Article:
IN FEBRUARY, the Archbishops of Canterbury and York wrote to General Synod members sketching out how they hoped to move forward after the Synod voted not to take note of the House of Bishops’ report Marriage and Same Sex Relationships after the Shared Conversations (News, 3 February, 17 February). The Archbishops said that a teaching document suggested by the Bishops, which would offer guidance to the clergy on both same-sex relationships and marriage, should go ahead, and be prepared in conjunction with a wide range of people, lay and ordained.
A group of academic theologians, scientists, and others, sponsored by the LGBTI Mission, have written a paper identifying questions and themes which they believe the Bishops will need to address when writing the document. A selection of the questions is set out below.
The paper is written by the Revd Dr Andrew Davison, University of Cambridge, and draws on a panel comprising: the Revd Dr Christina Beardsley; the Revd Professor Chris Cook, Durham University; Dr Susannah Cornwall, University of Exeter; the Revd Duncan Dormor, St John’s College, Cambridge; Dr Ruth Jackson, University of Cambridge; Professor Robert Song, Durham University; Professor Adrian Thatcher, University of Exeter and Plymouth University Peninsula Schools of Medicine and Dentistry.
Some theological questions
What bearing does eschatology have upon sexual ethics?
What is the meaning of purity in Christian theology and ethics, and what are the limits of its application and usefulness? What does it mean for the concept to have gendered implications, and how is that significant?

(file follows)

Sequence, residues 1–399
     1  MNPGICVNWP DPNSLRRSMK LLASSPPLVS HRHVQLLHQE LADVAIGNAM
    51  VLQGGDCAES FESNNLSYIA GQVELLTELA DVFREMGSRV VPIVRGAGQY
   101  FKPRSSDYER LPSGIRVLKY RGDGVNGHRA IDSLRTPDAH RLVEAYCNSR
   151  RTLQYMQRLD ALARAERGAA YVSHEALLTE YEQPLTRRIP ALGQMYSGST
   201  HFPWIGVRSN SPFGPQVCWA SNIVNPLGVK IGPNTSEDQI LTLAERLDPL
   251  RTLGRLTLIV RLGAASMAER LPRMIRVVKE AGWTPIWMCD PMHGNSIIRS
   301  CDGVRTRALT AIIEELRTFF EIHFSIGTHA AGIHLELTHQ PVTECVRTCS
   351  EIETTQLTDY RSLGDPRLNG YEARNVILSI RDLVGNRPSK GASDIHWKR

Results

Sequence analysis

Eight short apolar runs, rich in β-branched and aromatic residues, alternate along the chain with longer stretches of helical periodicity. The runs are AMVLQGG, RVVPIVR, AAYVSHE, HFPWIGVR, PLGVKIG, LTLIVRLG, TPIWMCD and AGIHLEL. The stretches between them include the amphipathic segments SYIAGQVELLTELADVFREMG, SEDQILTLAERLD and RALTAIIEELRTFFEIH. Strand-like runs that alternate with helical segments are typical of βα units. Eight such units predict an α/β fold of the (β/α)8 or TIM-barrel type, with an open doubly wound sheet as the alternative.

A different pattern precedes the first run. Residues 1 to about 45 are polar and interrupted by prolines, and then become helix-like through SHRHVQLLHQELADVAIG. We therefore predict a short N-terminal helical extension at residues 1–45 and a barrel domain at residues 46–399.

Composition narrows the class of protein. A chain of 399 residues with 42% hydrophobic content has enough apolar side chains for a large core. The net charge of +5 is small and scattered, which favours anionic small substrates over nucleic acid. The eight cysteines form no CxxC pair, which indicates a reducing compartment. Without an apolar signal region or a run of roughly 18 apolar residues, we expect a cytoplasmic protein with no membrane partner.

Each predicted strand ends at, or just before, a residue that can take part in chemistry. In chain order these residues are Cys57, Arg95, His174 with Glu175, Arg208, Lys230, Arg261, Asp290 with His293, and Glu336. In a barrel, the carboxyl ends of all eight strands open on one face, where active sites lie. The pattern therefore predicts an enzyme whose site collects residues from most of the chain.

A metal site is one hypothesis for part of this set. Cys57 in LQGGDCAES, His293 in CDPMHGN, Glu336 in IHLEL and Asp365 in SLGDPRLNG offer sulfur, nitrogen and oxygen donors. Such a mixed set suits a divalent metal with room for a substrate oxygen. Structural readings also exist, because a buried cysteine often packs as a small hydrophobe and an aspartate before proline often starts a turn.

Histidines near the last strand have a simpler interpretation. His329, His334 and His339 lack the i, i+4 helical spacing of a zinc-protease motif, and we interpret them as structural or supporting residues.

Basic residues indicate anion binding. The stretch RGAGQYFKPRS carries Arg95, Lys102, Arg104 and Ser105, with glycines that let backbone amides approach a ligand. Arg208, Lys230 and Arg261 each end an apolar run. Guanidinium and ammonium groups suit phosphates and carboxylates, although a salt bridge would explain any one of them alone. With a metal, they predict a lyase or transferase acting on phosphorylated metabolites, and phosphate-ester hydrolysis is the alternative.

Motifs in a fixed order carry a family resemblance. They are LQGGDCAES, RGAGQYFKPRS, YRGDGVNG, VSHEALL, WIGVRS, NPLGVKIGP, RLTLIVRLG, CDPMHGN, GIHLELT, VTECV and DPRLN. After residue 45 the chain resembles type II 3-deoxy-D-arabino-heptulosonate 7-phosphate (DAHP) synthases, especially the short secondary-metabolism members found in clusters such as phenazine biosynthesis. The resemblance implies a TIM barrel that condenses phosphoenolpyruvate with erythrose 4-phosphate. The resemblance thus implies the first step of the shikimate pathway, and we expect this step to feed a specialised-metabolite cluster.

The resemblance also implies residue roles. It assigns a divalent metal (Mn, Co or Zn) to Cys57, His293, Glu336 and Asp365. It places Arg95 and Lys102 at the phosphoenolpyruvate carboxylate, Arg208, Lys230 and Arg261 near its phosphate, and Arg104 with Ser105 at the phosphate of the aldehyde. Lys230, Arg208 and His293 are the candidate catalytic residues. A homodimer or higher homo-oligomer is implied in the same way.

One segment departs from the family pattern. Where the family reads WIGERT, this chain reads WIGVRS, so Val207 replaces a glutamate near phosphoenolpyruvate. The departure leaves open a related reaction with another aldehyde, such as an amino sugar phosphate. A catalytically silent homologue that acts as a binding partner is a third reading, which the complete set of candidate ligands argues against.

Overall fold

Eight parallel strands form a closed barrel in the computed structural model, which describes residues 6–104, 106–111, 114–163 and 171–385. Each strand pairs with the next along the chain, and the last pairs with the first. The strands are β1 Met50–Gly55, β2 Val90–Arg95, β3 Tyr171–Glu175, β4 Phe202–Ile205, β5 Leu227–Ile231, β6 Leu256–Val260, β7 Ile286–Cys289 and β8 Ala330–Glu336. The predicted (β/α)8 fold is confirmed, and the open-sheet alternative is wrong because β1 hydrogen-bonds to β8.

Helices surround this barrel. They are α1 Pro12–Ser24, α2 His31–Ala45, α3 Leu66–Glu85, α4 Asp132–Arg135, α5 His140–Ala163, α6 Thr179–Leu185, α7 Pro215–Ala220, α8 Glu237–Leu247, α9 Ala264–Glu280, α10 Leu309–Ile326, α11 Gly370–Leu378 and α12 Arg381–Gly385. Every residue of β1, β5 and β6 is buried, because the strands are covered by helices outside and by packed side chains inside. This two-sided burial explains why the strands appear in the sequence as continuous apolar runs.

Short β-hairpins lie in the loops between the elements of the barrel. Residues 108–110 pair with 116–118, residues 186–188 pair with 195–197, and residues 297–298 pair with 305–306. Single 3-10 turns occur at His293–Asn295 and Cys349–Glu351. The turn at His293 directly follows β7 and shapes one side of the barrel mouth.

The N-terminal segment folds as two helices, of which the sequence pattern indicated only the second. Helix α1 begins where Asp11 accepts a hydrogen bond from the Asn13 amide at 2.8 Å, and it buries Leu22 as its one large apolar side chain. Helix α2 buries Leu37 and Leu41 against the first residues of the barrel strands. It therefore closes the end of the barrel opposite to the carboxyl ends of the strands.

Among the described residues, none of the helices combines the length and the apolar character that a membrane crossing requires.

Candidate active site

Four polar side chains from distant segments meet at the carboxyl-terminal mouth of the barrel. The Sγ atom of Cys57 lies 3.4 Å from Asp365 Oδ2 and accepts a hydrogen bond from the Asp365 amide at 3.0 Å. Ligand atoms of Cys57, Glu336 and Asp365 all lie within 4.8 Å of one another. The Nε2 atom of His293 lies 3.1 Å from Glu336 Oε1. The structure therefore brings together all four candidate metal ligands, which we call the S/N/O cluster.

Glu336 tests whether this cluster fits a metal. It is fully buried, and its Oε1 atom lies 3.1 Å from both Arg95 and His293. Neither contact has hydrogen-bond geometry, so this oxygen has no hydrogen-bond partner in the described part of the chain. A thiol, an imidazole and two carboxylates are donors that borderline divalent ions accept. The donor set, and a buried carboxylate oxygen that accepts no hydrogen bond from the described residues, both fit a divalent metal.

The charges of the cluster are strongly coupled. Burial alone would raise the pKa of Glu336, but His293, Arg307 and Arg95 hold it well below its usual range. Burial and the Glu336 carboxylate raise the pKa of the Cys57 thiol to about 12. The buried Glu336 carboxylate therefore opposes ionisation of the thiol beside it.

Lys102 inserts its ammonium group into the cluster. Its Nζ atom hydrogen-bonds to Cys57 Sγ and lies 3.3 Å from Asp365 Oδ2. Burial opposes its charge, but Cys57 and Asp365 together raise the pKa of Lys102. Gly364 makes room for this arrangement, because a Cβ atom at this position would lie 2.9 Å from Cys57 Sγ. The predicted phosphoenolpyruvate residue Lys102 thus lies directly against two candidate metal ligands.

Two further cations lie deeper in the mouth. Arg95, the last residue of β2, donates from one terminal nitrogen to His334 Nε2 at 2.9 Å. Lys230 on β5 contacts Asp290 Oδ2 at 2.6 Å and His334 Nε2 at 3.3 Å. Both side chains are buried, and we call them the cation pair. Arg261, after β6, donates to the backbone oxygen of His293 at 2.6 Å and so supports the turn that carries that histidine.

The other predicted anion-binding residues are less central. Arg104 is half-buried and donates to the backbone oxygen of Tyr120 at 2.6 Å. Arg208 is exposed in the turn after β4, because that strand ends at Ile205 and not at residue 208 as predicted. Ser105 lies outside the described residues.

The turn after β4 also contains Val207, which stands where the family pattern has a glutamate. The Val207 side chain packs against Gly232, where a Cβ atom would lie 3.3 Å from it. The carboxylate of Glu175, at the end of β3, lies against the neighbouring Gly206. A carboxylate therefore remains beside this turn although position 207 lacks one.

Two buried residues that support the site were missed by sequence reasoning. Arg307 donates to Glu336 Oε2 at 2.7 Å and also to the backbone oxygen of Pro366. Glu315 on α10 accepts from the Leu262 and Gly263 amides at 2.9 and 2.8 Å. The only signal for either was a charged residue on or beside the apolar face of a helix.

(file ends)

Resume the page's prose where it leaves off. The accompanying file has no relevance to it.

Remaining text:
How, and to what extent, is human identity necessarily and inherently both biological, and culturally informed and expressed? What about that is good, and what is prone to sin? How does the life of grace relate to our natural inheritance, and how does Christian identity relate to natural identity or identities? How do themes in the doctrinal area of “grace and nature” bear upon our questions?
What is the theological meaning of celibacy, particularly in relation to vocation?
What does it mean to bless people, commitments, endeavours, and states of life: what are the meanings and purposes of blessing, and how do they relate to the questions in hand? What can we bless, and what can we not, and on what do we base such decisions?
What is the meaning of “complementarity” in relationships? What are the aspects, dimensions, and criteria by which it is discerned? How does it, or does it not, relate to gender?
Questions relating to Church and society, mission, Anglican identity
What is properly or distinctively Anglican about our situation and the proper shape of any response? What does “Anglican” mean in this context, and how does it relate to our more local and immediate context as the Church of England?
How is the mind of the Church of England expressed? How do previous statements inform the ongoing work of theological and ethical discernment?